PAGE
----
6
    http://club.ino.com/trading/2010/07/self-control-and-discipline/




7
Suggestions for Improving Trading Discipline
The following are guidelines that can be used for improving discipline. They will
require action and thorough implementation:
   1. Make a schedule. Keep trading signals up to date, be prepared for when
       the big move comes and don’t try to trade too many markets
   2. Stick to decisions. Good traders work in isolation and make commitments,
       not letting other people (e.g. brokers, other traders) influence their
       decisions
   3. Learn from losses. Losses are expensive tuition to avoid repeating the
       same errors
   4. Stick with the Trading System. Some traders quickly switch from one
       trading system to another. This is one of the worst forms of discipline.
       Traders should stick to their trading system to give it sufficient time to
       perform.
   5. Know when to exit. It is important to have an objective measure of when to
       terminate a given trade, whether the trade is profitable or not.
   6. Take a break when needed. Traders need to be self-aware and when
       mistakes are made as judged by a string of losses, to take a break, recoup
       energies and remake commitments.


 Read more at Suite101: Importance of Discipline in Trading Markets: Self-
            control is Key to Running a Stock Trading System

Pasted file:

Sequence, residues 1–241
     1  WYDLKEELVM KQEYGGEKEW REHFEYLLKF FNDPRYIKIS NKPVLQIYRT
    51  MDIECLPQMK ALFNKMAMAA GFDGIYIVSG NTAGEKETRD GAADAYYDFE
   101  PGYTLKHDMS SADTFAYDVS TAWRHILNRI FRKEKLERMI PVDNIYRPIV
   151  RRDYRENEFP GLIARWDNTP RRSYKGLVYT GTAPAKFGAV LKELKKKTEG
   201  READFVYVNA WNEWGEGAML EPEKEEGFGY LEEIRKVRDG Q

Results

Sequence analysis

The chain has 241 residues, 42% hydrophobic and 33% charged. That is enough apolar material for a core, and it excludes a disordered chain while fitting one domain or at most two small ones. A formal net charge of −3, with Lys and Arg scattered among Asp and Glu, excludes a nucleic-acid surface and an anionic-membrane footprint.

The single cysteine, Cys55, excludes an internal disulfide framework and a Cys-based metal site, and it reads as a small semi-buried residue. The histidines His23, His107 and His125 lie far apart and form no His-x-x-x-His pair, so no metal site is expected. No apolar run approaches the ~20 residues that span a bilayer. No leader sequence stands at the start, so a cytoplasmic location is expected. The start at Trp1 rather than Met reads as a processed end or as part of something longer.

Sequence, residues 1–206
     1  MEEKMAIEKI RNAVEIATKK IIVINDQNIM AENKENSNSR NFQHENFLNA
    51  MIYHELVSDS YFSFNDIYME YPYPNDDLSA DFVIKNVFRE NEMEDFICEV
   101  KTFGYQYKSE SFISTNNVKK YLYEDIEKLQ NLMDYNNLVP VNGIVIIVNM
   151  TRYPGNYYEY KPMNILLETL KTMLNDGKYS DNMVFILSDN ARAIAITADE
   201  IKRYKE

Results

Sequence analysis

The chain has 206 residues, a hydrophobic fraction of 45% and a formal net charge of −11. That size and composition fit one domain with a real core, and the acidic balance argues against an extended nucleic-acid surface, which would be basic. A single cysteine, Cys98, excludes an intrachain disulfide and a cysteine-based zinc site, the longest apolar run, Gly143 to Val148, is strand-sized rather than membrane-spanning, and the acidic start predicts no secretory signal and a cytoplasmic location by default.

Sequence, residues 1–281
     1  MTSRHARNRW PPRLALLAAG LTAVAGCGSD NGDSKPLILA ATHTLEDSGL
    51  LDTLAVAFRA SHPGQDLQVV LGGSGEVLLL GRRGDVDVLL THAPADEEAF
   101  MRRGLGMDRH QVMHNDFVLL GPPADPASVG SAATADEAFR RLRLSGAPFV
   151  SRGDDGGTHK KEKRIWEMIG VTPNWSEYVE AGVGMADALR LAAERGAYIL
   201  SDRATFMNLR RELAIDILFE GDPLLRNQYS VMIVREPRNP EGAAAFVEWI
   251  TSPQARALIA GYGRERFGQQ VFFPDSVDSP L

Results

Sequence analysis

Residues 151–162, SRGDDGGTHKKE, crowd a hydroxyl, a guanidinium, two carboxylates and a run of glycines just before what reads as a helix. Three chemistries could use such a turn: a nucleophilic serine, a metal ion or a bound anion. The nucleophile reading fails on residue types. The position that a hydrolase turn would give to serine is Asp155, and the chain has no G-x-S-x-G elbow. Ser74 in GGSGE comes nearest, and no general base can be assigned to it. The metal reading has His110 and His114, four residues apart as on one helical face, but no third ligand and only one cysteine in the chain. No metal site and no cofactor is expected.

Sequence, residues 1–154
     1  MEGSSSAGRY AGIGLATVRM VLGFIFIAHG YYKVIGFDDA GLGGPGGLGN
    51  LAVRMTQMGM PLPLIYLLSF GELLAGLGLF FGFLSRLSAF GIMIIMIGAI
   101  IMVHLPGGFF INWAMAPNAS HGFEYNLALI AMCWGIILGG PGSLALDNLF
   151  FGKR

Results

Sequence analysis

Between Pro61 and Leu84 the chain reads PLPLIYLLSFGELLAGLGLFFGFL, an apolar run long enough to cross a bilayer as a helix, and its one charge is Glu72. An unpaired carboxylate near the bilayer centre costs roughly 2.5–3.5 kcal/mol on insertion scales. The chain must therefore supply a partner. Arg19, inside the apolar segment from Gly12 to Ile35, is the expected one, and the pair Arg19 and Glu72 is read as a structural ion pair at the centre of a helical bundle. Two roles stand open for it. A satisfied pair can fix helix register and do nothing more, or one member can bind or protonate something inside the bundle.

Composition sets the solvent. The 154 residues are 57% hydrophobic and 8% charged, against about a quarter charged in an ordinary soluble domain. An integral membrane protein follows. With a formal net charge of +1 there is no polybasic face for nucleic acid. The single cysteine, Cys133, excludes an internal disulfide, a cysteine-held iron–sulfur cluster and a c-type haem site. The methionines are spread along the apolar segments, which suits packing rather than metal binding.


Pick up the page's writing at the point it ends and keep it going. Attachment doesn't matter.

Successfully http://investment.suite101.com/article.cfm/trading_discipline_
                     in_stock_markets#ixzz0vZGVFWC0


    http://investment.suite101.com/article.cfm/trading_discipline_in_stock_markets




8
      J.R’s Reverse Psycho Trading Discipline Rules

    1. There is no Holy Grail ( stop looking)

    2. Have a written trading plan.

    3. Trust your knowledge and your plan.

    4. Never void your plan.

    5. Always have a stop.

    6. Always have a target.

    7. Review your past trades, (wins and loses.)

    8. Do your own due diligence. (never give or take tips)

    9. FOCUS ON THE TRADE NOT THE PROFIT/LOSS.

    10.    KISS




9
The following is pasted on my home monitor, it is taken from
“Trading in the Zone” by Mark Douglas :



1. Anything can happen.

2. You don't need to know what is going to happen next in order to make
money.

3. There is a random distribution between wins and losses for any given set
of variables that define an edge.

4. An edge is nothing more than an indication of a higher probability of one
thing happening over another.

5. Every moment in the market is unique.


I AM A CONSISTENT WINNER BECAUSE:

1. I objectively identify my edges.

2. I predefine the risk of every trade.

3. I completely accept risk or I am willing to let go of the trade.

4. I act on my edges without reservation or hesitation.

5. I pay myself as the market makes money available to me.

6. I continually monitor my susceptibility for making errors.

7. I understand the absolute necessity of these principles of consistent
success and, therefore, I never violate them.